Column: Ed Greenwood


In some ways, being a skint and left-leaning student at Christmas time creates problems which solve themselves. You can’t afford proper presents for all your friends and family, and so combine the frustration this creates to a righteous scorn for the apocalyptic Potlach of consumerism that the ritual of Christmas has become. You deliberately choose not to even try to buy everyone presents. Instead, being a trendy student type, you decide to give these people self-made gifts – a free verse poem, an impressionistic drawing, or an all-purpose knitted cosy – something generic, shapeless and revolting. This makes them hate you and abandon you, so you don’t need to worry about getting them anything proper next year either. That’s twice the savings. And in the meantime you get to enjoy all the actual presents that your loved ones, with their relative wealth, have redistributed to you. The perfect anti-social socialist Christmas. Result.

Despite these savings, however, you find that your finances are barely keeping above water. [Are you really going to persist in using the second person for what is clearly just a relation of your own problems? Yes. I think I will, thank you.] You endeavour to make resolutions which will ease the strain on your wallet. You decide you will invest in a notebook solely for tracking ingoings and outgoings (only you can’t afford that so you don’t bother); you will look into getting a more efficient bank account (you have no idea how to do this); maybe you will quit drinking.

This is flawed. Flawed, flawed, flawed. You made this decision half-heartedly some day between Christmas and New Year’s Eve, when you thought you’d had quite enough eggnog for the moment, thanks. Only that feeling doesn’t last until midnight on the 31st, when you’ve already had a fair bit anyway so you can’t see the point in being sober anymore. And what if someone offers you a drink for free? Like if a friend buys you a drink in a bar, or your aunt offers you a glass of wine with a meal, or the shopkeeper gives you a free can of Strongbow when you buy the other five? You can’t just turn that away. No: booze will have to stay, as long as it’s only for a special occasion, or when it’s going for free, or cheap, or when you want to drink some alcohol.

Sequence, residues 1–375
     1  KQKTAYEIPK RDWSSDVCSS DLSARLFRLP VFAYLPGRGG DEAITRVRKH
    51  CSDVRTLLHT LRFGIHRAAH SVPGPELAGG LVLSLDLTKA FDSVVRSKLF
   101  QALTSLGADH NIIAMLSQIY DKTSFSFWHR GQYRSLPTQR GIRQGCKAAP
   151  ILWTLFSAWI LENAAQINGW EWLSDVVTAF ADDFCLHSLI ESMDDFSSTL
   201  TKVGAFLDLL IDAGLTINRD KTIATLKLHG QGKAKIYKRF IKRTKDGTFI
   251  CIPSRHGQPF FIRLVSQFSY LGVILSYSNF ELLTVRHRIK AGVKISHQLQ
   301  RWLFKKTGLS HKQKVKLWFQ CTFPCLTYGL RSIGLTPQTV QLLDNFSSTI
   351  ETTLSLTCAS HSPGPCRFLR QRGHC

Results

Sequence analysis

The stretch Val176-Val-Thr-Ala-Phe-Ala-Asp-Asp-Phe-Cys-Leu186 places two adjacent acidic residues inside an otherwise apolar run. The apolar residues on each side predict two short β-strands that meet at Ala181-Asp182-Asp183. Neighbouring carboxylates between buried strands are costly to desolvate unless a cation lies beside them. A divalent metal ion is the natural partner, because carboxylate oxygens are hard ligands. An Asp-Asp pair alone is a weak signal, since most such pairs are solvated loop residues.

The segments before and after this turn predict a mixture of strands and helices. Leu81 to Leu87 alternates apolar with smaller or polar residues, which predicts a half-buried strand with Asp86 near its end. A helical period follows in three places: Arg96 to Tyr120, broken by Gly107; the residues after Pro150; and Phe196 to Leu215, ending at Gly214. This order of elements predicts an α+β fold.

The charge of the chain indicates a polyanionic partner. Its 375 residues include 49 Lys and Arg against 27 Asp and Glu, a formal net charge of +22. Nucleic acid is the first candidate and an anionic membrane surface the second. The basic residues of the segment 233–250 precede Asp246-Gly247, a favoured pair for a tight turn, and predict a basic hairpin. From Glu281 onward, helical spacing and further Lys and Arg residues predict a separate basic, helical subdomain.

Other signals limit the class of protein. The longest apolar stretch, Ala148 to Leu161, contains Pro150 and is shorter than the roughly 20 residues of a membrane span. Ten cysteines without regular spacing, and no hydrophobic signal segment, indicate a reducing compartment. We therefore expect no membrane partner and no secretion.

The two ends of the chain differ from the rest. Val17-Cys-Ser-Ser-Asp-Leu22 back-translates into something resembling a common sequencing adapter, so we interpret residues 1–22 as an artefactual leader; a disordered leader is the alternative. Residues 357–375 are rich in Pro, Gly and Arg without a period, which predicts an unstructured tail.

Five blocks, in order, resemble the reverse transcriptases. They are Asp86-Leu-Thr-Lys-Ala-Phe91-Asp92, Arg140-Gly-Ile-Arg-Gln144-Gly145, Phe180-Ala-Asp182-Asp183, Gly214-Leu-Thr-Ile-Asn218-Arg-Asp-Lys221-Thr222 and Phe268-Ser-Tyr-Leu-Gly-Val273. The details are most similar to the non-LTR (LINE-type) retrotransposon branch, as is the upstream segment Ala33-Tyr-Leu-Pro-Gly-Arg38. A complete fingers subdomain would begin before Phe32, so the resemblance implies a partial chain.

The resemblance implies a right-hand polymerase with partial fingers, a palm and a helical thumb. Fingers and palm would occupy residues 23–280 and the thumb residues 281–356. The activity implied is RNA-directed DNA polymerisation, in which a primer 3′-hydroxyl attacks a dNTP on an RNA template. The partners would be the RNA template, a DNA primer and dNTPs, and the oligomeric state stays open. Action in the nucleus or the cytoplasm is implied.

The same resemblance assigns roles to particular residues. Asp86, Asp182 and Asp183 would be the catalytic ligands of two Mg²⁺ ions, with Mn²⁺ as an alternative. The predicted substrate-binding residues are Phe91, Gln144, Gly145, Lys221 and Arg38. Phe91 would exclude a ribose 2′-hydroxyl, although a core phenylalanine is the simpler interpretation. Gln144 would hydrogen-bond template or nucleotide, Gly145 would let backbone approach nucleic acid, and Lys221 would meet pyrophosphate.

Next on the agenda: acquire money. Get a job that will secure you in the short to medium term. Or maybe for longer. Preferably for life. Not just a part-time job, which you’ve probably had before and which won’t even cover rent. No no. This means investing in a career – a sensible step to take, you feel, one of which your parents would surely approve. And because the career you actually want to have (but have incidentally spent all of Christmas lying to your parents about because of course they don’t approve) is really fun, then that makes the investment a pleasure. Buying the books, easels, gadgets, instruments, DVDs etc that are necessary to research or equip you for your career only make you feel slightly guilty, which is nice, because without this completely perverted mindset, you know that making the exact same purchases would be unthinkably reckless.

Financially, you’re running on empty. You consider marrying Mr Darcy to secure his income, but decide against it on the grounds that he probably doesn’t exist. (You don’t know for certain, you never got round to all that reading you thought you were going to do during the Christmas break).